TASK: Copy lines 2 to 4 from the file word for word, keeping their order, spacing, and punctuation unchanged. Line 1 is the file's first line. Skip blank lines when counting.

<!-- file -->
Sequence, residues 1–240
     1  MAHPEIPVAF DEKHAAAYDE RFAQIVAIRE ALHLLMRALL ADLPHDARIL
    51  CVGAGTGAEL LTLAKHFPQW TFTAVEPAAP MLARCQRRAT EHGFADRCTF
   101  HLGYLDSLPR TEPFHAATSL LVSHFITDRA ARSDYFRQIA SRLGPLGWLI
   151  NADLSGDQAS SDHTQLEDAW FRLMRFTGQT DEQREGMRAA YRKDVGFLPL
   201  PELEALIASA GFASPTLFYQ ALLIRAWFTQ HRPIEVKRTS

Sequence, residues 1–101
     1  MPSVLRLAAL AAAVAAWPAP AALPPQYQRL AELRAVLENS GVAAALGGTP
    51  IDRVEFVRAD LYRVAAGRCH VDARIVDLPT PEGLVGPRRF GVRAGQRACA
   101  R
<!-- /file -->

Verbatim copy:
     1  MAHPEIPVAF DEKHAAAYDE RFAQIVAIRE ALHLLMRALL ADLPHDARIL
    51  CVGAGTGAEL LTLAKHFPQW TFTAVEPAAP MLARCQRRAT EHGFADRCTF
   101  HLGYLDSLPR TEPFHAATSL LVSHFITDRA ARSDYFRQIA SRLGPLGWLI